Tom Gunning

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Thomas Francis Gunning

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Biographical Information[edit]

Tom Gunning played six seasons in the major leagues, apparently at only one position, catcher. He had been at two colleges before the majors, Boston College and College of the Holy Cross, at the same time as Jimmy Ryan was there. During off-seasons of his playing days he went to the University of Pennsylvania where he received his medical degree. There is no record of his playing baseball there. Among his other work, he became medical examiner and city physician for the city of Fall River, MA.

For a time he was a major league umpire, and drew comment from none other than Pud Galvin: ". . . Papa Galvin is anything but pleased because Tom has called the turn on him and declared that movement of his in catching men napping on bases a balk." - Sporting Life of May 3, 1890. He worked a few National League and American Association games from 1884 to 1889 before becoming a full-time umpire in the Players League in 1890. Tom resigned in June of that year, saying that "Ward was the man who drove him out of the business by his continual kicking against his decisions." This was presumably John Ward.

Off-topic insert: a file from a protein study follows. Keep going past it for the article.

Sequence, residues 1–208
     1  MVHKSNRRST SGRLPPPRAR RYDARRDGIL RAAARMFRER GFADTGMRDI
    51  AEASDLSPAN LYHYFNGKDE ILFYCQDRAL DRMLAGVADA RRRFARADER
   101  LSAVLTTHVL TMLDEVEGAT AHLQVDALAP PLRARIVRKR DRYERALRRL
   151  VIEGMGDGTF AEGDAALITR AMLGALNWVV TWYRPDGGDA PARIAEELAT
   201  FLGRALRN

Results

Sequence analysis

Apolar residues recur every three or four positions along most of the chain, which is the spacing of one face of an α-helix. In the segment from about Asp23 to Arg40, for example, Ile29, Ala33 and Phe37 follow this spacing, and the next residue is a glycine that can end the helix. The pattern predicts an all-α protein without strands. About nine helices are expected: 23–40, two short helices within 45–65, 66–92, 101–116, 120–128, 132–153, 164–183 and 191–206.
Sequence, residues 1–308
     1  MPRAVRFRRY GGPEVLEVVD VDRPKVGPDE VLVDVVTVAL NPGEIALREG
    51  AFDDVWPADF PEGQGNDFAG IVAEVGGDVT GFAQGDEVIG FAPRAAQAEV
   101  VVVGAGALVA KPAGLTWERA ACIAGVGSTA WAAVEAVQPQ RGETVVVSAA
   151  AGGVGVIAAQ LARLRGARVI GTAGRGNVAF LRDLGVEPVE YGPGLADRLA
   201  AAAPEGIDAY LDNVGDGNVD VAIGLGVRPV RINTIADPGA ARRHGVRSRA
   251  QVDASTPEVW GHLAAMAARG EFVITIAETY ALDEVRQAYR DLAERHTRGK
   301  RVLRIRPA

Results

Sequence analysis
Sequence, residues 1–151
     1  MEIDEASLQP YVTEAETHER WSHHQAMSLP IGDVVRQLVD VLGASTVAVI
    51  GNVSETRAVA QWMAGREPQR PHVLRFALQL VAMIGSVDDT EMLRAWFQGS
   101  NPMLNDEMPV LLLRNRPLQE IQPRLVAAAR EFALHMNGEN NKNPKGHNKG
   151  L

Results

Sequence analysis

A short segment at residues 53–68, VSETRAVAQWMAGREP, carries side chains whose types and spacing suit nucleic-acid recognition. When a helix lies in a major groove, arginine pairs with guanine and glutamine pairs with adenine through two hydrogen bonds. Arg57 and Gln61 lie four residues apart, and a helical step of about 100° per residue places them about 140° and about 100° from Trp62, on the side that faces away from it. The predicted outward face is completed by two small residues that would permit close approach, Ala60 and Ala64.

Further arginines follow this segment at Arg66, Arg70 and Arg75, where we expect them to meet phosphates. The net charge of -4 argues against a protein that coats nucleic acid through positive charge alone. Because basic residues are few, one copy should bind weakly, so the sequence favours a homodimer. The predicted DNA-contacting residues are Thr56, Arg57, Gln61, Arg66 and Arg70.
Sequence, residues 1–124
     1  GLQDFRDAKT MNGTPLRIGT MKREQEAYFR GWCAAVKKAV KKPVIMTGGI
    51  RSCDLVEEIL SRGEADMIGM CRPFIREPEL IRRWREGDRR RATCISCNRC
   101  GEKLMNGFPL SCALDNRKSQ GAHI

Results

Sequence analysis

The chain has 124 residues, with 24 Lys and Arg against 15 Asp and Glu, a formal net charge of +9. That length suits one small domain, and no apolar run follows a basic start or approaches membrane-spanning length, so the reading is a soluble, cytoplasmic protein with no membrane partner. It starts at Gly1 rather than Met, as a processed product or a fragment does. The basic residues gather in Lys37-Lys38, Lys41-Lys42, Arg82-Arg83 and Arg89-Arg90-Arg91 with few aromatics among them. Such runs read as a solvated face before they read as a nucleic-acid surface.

"He is a reliable back stop, fine thrower, fair batsman and good base-runner." - Sporting Life, April 6, 1887

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